This is very much a formula, '90's Disney animated musical, and that's not a bad thing at all. While some of the plotting feels a little clumsy at times, the spirit is most definitely there, What's more, it's almost impossible not to praise the movie when they are willing to shakef things up by giving us a Disney "Princess" who doesn't want to be called Princess and who not only has no love interest, but while her father is eager for her to be a good Chief to her people, her parents never even bring up the issue of marrying her off.  That's right: Moana has to take an inner journey and decide whether to be true to herself, but at no point is the idea even broached that to do so requires a man. That's pretty incredible, and not to beat a dead horse, but a movie that uses such unabashed feminism in such a subtle way isn't just welcome right now, it's an absolute necessity, especially for American audiences. Moana may be the most success "feminist"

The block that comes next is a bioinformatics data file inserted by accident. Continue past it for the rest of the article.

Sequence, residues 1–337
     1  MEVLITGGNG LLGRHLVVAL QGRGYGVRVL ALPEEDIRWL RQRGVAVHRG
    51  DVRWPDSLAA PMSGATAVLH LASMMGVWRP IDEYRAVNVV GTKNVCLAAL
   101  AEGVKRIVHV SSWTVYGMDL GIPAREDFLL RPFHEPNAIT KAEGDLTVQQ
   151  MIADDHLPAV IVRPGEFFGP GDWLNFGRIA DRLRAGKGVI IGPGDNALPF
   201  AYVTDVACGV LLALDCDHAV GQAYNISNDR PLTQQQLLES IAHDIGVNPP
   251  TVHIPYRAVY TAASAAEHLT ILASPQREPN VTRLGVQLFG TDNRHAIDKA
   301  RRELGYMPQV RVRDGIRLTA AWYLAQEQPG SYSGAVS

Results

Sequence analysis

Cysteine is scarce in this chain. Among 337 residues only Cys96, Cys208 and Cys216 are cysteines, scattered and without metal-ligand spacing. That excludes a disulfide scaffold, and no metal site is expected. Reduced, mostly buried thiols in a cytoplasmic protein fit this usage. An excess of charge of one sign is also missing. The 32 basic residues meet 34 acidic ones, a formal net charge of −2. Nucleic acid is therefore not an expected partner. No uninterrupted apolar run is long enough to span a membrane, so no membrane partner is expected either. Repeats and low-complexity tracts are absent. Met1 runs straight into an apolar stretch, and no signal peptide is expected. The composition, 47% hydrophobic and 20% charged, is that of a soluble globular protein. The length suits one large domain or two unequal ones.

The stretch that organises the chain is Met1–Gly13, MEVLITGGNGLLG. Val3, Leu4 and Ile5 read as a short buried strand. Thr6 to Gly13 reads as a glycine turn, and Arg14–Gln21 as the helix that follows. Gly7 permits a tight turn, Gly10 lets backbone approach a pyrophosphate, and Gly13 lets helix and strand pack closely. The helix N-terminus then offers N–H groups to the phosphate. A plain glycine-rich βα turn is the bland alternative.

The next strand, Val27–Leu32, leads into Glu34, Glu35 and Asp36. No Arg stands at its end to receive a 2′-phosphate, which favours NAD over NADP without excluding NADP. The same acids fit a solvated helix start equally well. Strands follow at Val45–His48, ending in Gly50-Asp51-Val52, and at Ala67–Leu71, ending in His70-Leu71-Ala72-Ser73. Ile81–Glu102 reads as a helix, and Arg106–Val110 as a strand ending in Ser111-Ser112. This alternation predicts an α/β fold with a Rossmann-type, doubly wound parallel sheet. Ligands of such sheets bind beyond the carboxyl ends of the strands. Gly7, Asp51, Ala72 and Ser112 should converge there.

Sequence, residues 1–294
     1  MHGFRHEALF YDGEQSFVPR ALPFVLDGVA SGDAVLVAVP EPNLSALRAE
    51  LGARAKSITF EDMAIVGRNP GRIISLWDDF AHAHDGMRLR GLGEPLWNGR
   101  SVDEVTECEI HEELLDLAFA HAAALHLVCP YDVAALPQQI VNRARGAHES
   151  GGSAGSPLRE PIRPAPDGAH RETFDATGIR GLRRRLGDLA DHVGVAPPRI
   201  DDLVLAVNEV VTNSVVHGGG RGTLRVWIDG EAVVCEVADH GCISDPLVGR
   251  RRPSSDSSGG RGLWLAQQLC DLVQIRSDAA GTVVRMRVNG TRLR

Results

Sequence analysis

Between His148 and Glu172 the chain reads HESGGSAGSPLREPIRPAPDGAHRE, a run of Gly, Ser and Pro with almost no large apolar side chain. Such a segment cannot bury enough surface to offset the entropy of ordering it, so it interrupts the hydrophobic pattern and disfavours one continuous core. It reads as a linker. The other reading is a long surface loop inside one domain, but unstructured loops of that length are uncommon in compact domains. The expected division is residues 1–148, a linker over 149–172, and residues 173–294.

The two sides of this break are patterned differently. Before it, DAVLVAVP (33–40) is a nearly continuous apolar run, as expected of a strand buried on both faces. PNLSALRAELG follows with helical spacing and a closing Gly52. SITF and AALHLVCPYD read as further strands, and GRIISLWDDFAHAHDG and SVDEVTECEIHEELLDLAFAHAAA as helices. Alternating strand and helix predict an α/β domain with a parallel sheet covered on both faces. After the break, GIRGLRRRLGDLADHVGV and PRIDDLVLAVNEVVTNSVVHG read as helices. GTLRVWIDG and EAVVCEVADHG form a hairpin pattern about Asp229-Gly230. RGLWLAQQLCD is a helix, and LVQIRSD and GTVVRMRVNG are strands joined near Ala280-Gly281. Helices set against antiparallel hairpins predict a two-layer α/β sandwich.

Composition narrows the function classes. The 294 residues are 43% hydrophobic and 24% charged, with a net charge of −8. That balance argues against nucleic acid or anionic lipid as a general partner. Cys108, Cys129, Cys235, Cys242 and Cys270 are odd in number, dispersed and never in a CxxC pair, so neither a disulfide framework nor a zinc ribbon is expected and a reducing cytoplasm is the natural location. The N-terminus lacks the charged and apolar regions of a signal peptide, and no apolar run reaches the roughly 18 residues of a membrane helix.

The songs, by Hamilton sensation Lin-Manuel Maranda, Oeptaia Foa'i (of the South Pacific music group Te Vaka) and Mark Mancina, are beautiful and rousing, to the point that I'm becoming addicted to the soundtrack (especially Moana's solos and the group Polynesian songs.). I must admit that a few of the songs (in particular "Shiny", sung by Jermaine Clement) took a little getting used to for a Disney fan who is used to Alan Mencken, but so did Elton John the first time around.  Miranda is extremely talented, and I love his ability to write clever and and ambitious lyrics that seems to roll of the tongue when they could just as easily be causing it to sprain, but the Eminem of Broadway is occasionally so caught up in this that the melody is in danger of getting lost. Listening to his music is sometimes suspenseful, but most of the time he manages to pull it off.